Once there was a young wombat named Benson, who lived in a neat and tidy wombat hole with his mother, and his two aunts, Lillibet and Moss.
One morning Aunt Lillibet said to Benson’s mother, “My cousin Ruby wants to know if her grandson, Hector, can come and stay with us while she goes on holidays.”
Benson’s mother said, “Yes, of course. He’ll be good company for Benson.”
Three days later, Ruby knocked on the door. “I’ve brought Hector,” she said. “He’s just outside. He’s very quiet and well-behaved.”
Benson’s mother said, “I’m sure he’ll be fine. How long will you be away for?”
Ruby said, “I’m not sure. I just need a break. I’ve brought his lunch, and a few snacks.” She gave Aunt Lillibet a big box and two very large bags. “Goodbye!” she said, and ran off.
Hector came in. He was the tallest wombat Benson had ever seen.
He was taller than even Mr Fenn, and Mr Fenn was the biggest, strongest wombat in the whole country. Hector was not just tall, his arms and legs were long, and his body was long. Even his ears were long. He stood there with his shoulders bent and his head tucked in as if he was afraid of hitting the ceiling.
Benson’s mother went up to him and gave him a kiss. “It’s nice to have you here, Hector,” she said.
Hector smiled and went pink.
Benson’s mother said, “Would you like something to eat, Hector? You must be hungry after your trip.”
Hector nodded. The box that Ruby had left was full of sandwiches and cakes, and the two bags were full of oranges and apples and bananas. Aunt Lillibet unpacked the sandwiches and Hector ate them. Aunt Lillibet unpacked the cakes, and Hector ate them too as soon as she put them down. The box was empty. Benson couldn’t believe his eyes. It was like Hector was a magician who could make food disappear into thin air.
Hector looked embarrassed. He said, “I’m sorry, I was really hungry.”
“That’s all right,” Benson’s mother smiled. “I’m glad you enjoyed them.”
They had dinner early, because Hector was still hungry. While he was waiting for dinner, Hector ate one bag of fruit, and after dinner he ate the other bag. Benson’s mother smiled and said, “It’s good to see you eating such healthy food, Hector.”
In the morning Benson got up to make some porridge for breakfast. When he opened the cupboard, it was empty. It was so empty, it didn’t even smell like food any more. Benson went to the fridge and looked inside. It was even emptier. Benson said to his mother, “There’s no food left.”
Hector looked embarrassed. “I got hungry during the night,” he said.
Benson snickered. “Hector, the food detector,” he said.
“Benson!” said his mother. “That’s not very kind.”
“But it’s funny!” Benson said.
His mother said, “Benson, I think you should take Hector to the playground while Aunt Lillibet and I do some shopping.”
Benson said, “He can’t go on the swing because his feet will drag on the ground, and he can’t go on the slippery slide because his feet will be at the bottom while his bottom is still at the top!”
“Benson!” his mother said sharply.
“What?” said Benson. “It’s true!”
Hector went outside. They could hear him crying.
“Benson, that was very unkind,” said his mother.
“Well, he ate all the breakfast,” said Benson. “That wasn’t very kind.”
He went outside and said to Hector, “Come on, let’s go to the playground.”
Hector walked along slowly behind Benson, dragging his feet. Mr Fenn was leaning over his fence, chewing a long piece of grass.
“Who’s your new friend, Benson?” he asked.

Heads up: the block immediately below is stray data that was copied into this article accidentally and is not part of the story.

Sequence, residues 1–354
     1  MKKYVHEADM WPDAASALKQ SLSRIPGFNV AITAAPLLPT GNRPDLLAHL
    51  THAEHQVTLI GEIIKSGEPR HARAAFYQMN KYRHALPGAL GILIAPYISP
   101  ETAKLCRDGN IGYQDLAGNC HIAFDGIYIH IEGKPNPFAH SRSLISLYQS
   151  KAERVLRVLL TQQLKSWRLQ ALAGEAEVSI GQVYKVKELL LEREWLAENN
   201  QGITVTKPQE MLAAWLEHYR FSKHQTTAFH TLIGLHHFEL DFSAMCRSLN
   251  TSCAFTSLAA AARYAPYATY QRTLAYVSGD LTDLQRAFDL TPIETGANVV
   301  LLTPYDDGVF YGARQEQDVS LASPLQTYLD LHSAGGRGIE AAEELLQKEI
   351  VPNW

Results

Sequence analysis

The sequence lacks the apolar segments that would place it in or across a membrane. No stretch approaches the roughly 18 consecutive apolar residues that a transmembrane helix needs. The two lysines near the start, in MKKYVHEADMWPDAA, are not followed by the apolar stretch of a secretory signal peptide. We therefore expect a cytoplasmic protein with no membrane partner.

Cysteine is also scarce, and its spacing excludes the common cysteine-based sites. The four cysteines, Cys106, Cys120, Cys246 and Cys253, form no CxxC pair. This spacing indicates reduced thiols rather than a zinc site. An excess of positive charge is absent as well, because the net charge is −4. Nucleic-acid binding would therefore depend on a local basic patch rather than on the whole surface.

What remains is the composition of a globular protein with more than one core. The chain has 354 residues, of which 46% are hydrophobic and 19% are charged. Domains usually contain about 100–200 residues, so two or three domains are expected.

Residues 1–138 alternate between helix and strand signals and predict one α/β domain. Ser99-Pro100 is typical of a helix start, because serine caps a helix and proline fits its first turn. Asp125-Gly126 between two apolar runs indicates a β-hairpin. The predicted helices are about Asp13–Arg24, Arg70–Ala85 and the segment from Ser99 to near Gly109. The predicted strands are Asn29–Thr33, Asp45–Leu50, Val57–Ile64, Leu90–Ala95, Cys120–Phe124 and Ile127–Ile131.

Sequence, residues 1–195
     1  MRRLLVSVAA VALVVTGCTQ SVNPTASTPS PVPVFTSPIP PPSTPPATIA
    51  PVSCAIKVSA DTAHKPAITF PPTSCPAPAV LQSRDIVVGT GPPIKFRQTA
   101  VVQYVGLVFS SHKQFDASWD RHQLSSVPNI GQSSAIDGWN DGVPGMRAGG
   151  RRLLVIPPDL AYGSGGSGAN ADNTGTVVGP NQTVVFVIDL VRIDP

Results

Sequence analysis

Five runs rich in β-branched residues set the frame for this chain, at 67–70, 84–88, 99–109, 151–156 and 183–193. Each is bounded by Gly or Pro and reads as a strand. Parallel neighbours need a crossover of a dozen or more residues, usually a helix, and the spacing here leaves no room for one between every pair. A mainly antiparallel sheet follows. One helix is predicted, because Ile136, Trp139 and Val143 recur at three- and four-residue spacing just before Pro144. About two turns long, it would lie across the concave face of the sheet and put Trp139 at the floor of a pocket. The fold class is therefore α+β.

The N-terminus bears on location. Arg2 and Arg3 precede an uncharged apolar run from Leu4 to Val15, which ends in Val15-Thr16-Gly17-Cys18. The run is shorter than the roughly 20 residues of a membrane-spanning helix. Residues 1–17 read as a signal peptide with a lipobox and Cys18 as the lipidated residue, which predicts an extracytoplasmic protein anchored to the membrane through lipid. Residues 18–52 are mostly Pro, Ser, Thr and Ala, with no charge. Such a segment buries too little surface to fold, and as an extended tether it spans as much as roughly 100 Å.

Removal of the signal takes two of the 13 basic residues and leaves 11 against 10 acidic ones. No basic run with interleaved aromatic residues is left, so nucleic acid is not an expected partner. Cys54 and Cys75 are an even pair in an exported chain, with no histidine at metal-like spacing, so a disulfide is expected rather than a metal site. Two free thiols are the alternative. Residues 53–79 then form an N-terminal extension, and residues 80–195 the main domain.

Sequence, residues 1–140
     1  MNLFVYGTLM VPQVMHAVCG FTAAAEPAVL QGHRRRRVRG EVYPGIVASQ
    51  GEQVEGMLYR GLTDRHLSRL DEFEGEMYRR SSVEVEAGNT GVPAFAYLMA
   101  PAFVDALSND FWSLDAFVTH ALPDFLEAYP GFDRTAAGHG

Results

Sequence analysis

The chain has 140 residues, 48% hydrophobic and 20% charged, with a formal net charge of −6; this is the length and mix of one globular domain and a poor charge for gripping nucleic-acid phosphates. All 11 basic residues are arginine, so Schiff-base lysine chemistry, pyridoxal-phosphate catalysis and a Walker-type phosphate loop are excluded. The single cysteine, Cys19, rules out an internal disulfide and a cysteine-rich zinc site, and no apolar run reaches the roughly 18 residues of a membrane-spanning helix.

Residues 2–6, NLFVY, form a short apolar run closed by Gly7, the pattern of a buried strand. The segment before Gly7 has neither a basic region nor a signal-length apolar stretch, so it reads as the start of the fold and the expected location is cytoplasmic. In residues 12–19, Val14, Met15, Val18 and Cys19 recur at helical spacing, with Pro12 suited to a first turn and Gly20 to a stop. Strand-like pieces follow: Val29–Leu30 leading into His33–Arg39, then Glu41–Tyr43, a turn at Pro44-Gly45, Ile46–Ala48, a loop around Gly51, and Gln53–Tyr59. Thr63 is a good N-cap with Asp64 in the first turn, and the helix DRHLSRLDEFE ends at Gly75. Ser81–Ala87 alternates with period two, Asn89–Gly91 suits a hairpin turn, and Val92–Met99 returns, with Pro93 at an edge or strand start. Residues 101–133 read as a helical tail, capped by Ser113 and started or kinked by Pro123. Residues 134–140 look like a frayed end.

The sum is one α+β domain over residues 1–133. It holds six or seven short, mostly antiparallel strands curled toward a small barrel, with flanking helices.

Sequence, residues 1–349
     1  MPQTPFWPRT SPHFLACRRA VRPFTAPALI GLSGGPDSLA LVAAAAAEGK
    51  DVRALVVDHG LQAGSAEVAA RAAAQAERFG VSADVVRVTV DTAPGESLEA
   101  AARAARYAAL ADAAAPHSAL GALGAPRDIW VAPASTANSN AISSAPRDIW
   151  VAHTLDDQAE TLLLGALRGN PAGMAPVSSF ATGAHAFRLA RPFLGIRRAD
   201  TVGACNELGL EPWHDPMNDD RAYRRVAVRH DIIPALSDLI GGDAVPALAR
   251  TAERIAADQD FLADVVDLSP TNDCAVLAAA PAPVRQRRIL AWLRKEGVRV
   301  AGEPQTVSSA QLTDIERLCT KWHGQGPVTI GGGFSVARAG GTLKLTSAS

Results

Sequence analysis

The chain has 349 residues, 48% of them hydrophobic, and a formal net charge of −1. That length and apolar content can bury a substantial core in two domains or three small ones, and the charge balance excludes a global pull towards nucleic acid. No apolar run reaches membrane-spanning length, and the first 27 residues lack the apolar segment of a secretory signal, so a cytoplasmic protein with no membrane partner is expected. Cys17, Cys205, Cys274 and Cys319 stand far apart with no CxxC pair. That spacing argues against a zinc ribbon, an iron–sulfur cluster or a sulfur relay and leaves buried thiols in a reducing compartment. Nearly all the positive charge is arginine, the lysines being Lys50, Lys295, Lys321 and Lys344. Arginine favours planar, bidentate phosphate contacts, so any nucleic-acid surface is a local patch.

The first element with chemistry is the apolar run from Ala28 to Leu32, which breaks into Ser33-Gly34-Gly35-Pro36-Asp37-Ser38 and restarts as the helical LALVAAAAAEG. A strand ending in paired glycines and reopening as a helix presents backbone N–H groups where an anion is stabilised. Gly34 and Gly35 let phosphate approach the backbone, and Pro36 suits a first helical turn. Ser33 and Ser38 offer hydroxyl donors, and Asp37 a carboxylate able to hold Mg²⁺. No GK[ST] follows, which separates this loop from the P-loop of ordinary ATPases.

“He’s Hector, the giant food collector,” said Benson.
Hector put his head down and kept on walking. Mr Fenn gave Benson a look that made him feel very uncomfortable. Then he said, “Hector reminds me of myself when I was a young wombat.”
Later on Mr Fenn came over and talked to Benson’s mother. “I’m thinking of taking a trip up to the plains for a couple of weeks. I was wondering if Hector would like to come with me.”
Benson said, “What about me? Can I come?”
Mr Fenn said, “No, it was just Hector I was thinking of.”
Hector looked up.
Aunt Lillibet said, “But there’s nothing up there, nothing at all.”
Mr Fenn said, “There’s plenty of grass, and that’s all we need. I’ve heard there was a lot of bush fire damage up there, and they’re looking for help cleaning up the place. I thought a big, strong young wombat like Hector might be useful.”
Hector went pink.
They set off the next day. Aunt Lillibet made them two carrot cakes and three loaves of parsnip bread, and Benson’s mother filled Hector’s backpack with apples and mandarins. She gave him a kiss goodbye and said, “If you’re unhappy, there’s always a bed for you here.”
Benson expected that Hector would eat all the cakes and bread and fruit before they got to the end of the street and come straight back, but he didn’t. Hector and Mr Fenn walked along slowly, chatting about different things.
It was three weeks before they came back. Hector looked completely different. He was more solid than he used to be, and he stood up straight and tall. He smiled at Benson’s mother.
“I just came back to say thankyou,” he said. “I’ve decided to go and live up on the plains. There’s a lot of work to do up there.”
Benson gave a huge sigh of relief. He had hidden a whole loaf of bread under his bed, just in case.
Mr Fenn said, “Hector has been clearing away dead trees and helping build shelters for homeless animals up there. Everyone’s very glad he’s coming to live there. The little ones call him Hector Protector.”
Benson’s mother gave Hector a kiss and said, “We’ll miss you, but I’m glad you’re happy there.”
As he was leaving, Hector stopped under the big gum tree and called Benson. When Benson went over, Hector picked him up, and lifted him up over his head, and put him in the branches of tree.
“Hey!” shouted Benson. “I can’t get down! That’s not very kind!”
“I know,” said Hector, “but it’s funny.” He smiled to himself and set off.